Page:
Margaret Court remembers her first tennis racket. It was a piece of paling wood from a wooden fence, scrounged from the street near her home in Albury, New South Wales. No strings attached.
Money was tight. Her father had an alcohol problem bad enough that her mother had to cycle to his workplace every payday to make sure she got to his pay packet before he did.
There were tennis courts near Margaret's house and she would go there every day to escape the arguments at home. It was a fun thing for a seven-year-old to do.
One of Margaret's mother's friends saw her at the courts day after day and gave her one of her own rackets, never imagining the fruit that would come from such an act of kindness.
The wooden racket was so big Margaret could hardly wrap her hand around it but it didn't matter. To Margaret, the new racket was smashing.
It was from those humble beginnings that one of the greatest tennis players of all time would emerge. By the time she retired in 1976, Margaret had won 64 Grand Slam tournament titles - including a record 24 singles titles - achievements no tennis player, man or woman, has beaten. She was inducted into the International Hall of Fame three years later.
Margaret's achievements on the tennis court are well known and deservedly celebrated. Equally well-known but far more controversial in recent times has been her second platform in life, as the founder and pastor of Victory Life Church in Western Australia.
In 2017, Australia legalised gay marriage. Right from the outset, Margaret denounced the move, going so far as to boycott Qantas because its CEO, Alan Joyce, supported the legislation. She has been heavily criticised for standing for her Biblical beliefs and been called a homophobe and a bigot.
But she has not flinched. As she had done hundreds of times on the tennis court, Margaret defended her position with determination and dignity.
Margaret was raised a Catholic, and says that she always had an awareness of God, but no real relationship with Him.
"I would go to church on Sunday," she said. "It didn't mean much, but I knew Christmas, I knew Easter. I didn't know Jesus but I knew about Him. I used to kneel down every night and pray, even while on the tennis circuit.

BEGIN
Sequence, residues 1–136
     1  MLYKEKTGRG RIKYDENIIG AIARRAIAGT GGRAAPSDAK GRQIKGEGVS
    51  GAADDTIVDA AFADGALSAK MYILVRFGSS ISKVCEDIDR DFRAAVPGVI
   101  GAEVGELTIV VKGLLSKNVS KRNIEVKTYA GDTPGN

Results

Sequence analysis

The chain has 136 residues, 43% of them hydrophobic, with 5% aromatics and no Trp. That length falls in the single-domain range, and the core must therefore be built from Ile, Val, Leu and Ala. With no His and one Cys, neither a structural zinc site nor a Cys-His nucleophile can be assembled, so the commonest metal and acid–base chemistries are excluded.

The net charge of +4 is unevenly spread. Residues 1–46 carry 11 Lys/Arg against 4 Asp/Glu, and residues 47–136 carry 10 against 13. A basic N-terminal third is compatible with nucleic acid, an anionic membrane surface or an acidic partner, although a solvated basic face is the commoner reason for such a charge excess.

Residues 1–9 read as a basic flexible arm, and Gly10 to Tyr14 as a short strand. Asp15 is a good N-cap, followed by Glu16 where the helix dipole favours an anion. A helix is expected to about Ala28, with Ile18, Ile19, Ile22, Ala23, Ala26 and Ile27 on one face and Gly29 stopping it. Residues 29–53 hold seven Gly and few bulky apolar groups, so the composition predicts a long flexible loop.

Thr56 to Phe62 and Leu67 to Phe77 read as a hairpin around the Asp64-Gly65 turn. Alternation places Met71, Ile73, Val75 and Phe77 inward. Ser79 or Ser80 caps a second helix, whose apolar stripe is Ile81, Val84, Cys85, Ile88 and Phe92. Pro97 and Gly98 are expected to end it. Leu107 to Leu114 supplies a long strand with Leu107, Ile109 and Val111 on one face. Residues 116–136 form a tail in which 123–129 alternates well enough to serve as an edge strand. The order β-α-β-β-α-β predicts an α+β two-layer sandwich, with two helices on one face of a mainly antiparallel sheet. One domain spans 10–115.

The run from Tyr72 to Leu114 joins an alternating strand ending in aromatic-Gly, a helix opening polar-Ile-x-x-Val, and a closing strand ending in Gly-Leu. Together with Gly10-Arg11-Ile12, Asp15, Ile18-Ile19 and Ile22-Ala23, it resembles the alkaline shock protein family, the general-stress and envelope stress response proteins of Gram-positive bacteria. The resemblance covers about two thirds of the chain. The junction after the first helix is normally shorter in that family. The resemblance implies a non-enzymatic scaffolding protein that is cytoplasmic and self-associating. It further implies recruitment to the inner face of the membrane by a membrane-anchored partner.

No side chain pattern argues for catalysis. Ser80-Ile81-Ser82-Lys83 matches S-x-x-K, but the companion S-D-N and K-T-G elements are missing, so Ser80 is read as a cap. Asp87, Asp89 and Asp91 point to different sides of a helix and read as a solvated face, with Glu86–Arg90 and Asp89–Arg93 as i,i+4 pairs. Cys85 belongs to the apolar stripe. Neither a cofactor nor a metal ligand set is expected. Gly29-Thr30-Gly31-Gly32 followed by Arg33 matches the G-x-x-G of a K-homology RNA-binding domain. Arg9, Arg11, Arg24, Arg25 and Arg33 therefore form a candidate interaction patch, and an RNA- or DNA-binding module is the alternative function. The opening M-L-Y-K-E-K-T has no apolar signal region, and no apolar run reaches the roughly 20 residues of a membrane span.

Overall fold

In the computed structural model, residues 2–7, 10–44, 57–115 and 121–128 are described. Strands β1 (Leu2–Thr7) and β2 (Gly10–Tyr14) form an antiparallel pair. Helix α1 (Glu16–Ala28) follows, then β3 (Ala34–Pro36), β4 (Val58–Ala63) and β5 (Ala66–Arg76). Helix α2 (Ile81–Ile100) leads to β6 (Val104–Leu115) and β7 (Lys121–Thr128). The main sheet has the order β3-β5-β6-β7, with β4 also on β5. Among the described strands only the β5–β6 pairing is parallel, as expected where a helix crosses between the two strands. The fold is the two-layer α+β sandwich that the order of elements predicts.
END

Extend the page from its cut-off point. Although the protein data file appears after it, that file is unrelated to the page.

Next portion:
"I would thank God for helping me and protecting me. It was just there in my heart. I used to go to church even while playing, more out of fear than anything. I believed it was a mortal sin not to go. I thought if I didn't go I might lose."
She was also very open about her personal struggles, struggles that ultimately led her to a real relationship with Jesus.
She had severe post-natal depression, insomnia and heart disease (a torn heart valve) and quite an overwhelming feeling of uselessness as the demands of motherhood and life put far more pressure on her than any centre-court tie-breaker ever had.
She wrote in her autobiography: "Depression became a way of life. I became nauseated, lost weight and suffered from insomnia."
During the French Open in 1973, Margaret attended a Protestant church service. She began to think about God and what knowing Him really meant.
"I said 'God where are you? I want to know you. Are you real?' I knew there was something more than me. Even while I was playing I would talk to Him, Lord help me, Lord thank you. I want to win. This is a gift from You.
"My mum always told me my talent was a gift from God. The Press would ask me why are you so good and I'd say it's a gift from God.
"Every person has a gift. But many people get sidetracked and never fulfil their destiny or their goal, or discover what God has for them. God knew us before we were born. I look back and I see how God's hand was upon me even from when I was little."
A friend gave her a small book 'How to Be Born Again.' which Margaret read over and over. Returning to Perth, she discovered another friend, Anne, who had become a 'born again' Christian and marvelled at the new radiance she saw in her.
Soon she went to a church meeting with Anne and responded to the pastor's invitation to receive Jesus Christ as her personal Saviour. Another friend, Barbara Oldfield described that moment. "A struggle of infinite proportions went on inside Margaret that night, for she knew that everyone in that meeting would know who she was if she went forward."
She was still the number one tennis player in the world at that time, and her pride in that achievement, almost stopped her from going forward.
But she was compelled to go. As soon as she prayed and asked Jesus to come into her life, she says it was as though someone had switched the light on inside. An incredible peace and joy flooded her whole being.
The verse that sparked her faith was 2 Timothy 1:7 - 'For God has not given us a spirit of fear, but of power and of love and of a sound mind'. It brought her the salvation she says she yearned for and a cure to the physical and emotional ailments that made her post-playing life such a misery that she had actually contemplated suicide.
She said she knew there and then that if she died she would go to be with the Lord. "That's how real it was to me."
When she told her husband Barry she wanted to go to Bible College, he agreed.
At Bible College Margaret said she slowly saw her heart healed, her depression drop off and her life being put back together again.
Much has changed for the tall and still fit and athletic-looking woman who stunned the tennis world. Yet this one thing remains: She serves the Lord now as single-mindedly as she served her opponents in her competitive heyday. And surely, nobody could fault her for that.•